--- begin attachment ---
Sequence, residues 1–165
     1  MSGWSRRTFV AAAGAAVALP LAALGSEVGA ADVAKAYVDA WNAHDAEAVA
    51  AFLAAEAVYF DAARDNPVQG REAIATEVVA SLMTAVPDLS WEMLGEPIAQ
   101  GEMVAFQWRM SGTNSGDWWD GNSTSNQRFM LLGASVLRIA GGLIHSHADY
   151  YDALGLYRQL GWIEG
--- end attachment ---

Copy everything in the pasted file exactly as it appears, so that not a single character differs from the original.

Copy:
Sequence, residues 1–165
     1  MSGWSRRTFV AAAGAAVALP LAALGSEVGA ADVAKAYVDA WNAHDAEAVA
    51  AFLAAEAVYF DAARDNPVQG REAIATEVVA SLMTAVPDLS WEMLGEPIAQ
   101  GEMVAFQWRM SGTNSGDWWD GNSTSNQRFM LLGASVLRIA GGLIHSHADY
   151  YDALGLYRQL GWIEG